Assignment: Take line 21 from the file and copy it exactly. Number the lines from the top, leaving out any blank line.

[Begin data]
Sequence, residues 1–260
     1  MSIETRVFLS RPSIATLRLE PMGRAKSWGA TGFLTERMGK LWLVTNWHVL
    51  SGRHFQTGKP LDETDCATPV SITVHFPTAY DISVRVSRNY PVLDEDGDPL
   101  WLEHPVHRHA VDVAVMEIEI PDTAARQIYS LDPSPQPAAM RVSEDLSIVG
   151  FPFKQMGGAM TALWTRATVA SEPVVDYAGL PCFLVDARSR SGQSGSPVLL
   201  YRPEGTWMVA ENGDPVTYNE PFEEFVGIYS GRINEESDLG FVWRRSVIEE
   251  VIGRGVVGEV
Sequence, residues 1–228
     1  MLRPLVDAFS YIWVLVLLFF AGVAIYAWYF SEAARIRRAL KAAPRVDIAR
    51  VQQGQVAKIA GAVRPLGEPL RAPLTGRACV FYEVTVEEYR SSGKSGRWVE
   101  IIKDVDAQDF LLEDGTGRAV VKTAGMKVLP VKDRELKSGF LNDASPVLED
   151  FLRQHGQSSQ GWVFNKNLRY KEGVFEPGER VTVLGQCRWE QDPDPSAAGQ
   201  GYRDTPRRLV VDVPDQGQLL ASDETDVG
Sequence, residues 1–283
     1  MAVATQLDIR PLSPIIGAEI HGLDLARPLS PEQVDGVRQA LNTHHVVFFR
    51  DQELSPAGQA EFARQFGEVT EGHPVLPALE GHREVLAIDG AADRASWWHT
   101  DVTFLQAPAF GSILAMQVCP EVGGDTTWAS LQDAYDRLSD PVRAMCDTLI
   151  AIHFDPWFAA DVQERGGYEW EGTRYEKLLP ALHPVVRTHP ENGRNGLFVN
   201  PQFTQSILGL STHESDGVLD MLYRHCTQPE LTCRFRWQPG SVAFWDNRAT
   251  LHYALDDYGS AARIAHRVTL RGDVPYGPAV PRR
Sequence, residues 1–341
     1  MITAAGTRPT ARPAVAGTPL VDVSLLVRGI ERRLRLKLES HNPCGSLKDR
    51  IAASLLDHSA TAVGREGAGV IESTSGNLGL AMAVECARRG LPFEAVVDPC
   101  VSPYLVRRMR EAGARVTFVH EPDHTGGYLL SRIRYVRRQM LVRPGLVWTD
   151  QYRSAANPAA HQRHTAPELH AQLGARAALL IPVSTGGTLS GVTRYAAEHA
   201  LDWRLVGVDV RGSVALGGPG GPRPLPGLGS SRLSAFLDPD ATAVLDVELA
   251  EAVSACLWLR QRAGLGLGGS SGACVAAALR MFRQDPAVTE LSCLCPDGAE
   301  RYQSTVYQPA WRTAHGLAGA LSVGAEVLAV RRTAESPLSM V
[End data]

Sequence, residues 1–341